Friday, September 10, 2010

Taxes & Small Businesses

Arguing that the sunset of the previous administration's tax cuts for those earning more than $250k net will hurt small businesses & job creation seems a bit of a stretch. Here's a post on the subject on Growthology. Be sure to read the comments, in particular note the following remark: "Wouldn't the fact that pass through profits are taxed at a high rate encourage reinvestment? If we want businesses to hire then pulling money OUT of the business should be discouraged."

And here is a letter to the editor of the Wall Street Journal from this morning:
Your Sept. 3 op-ed "The Small Business Tax Hike and the 97% Fallacy" by Kevin A. Hassett and Alan D. Viard makes a misleading argument about small businesses in order to justify borrowing $700 billion to finance the extension of the Bush tax cuts for the wealthiest 2% of Americans.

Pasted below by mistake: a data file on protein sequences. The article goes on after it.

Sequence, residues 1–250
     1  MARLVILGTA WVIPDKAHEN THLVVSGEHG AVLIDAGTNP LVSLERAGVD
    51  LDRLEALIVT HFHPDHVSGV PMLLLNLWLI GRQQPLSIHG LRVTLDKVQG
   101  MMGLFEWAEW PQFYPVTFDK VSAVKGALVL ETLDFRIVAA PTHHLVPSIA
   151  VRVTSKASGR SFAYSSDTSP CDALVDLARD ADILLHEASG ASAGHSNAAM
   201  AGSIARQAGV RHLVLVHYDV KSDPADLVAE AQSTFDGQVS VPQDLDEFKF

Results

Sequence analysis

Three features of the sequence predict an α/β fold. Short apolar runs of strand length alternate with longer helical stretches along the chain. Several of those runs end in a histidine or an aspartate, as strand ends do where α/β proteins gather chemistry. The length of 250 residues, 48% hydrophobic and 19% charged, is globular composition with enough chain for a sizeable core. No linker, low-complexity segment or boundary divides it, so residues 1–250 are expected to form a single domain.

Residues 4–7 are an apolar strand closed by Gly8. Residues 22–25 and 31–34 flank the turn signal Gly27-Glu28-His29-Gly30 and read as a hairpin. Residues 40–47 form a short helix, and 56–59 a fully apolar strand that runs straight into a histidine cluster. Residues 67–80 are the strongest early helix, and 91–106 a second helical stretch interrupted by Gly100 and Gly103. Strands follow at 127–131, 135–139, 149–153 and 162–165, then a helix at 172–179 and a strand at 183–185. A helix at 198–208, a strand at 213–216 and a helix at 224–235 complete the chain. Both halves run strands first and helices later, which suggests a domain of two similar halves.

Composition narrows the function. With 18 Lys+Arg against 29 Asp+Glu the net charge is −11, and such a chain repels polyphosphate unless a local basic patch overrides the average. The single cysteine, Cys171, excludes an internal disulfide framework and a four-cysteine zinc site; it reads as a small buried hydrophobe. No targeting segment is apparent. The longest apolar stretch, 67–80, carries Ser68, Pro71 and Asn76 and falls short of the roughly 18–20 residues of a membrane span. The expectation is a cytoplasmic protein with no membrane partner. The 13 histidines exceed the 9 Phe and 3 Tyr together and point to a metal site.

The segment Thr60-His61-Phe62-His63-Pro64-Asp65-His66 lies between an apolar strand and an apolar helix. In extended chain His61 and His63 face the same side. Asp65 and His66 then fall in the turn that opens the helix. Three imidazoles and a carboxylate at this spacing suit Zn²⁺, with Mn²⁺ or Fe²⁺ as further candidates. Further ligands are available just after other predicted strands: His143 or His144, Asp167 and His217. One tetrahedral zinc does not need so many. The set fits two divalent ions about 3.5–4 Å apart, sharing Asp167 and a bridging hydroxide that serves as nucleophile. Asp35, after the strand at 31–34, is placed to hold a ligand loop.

Messrs. Hassett and Viard concede that 97% of small businesses will pay nothing more in taxes under the president's plan to allow the Bush high-income tax cuts to expire on schedule. Yet they argue that even if only 3% of small-business owners would be affected, this small fraction reports a large amount of what they term "small business" income.

The problem with their argument, however, is that it counts any type of partnership income, sole proprietor income, or S corporation income as small-business income. Thus, they count as small-business income profits that go to a partner at a major law firm or hedge fund. Our analysis indicates that small-business owners under this definition, who would be affected by allowing the top two rates to increase as scheduled, have an average gross income of over $1 million. Keeping the Bush tax cuts in place for these taxpayers would not likely result in additional job creation, and it would add significantly to federal budget deficits and debt.

The experience of tax policy over recent decades clearly demonstrates, and the Congressional Budget Office has confirmed, that tax cuts for the highest-income Americans—regardless of whether their earnings are classified as ordinary or small-business income—are not an efficient way to stimulate the economy or create jobs.

Michael F. Mundaca
Assistant Secretary of Treasury for Tax Policy
Treasury Department

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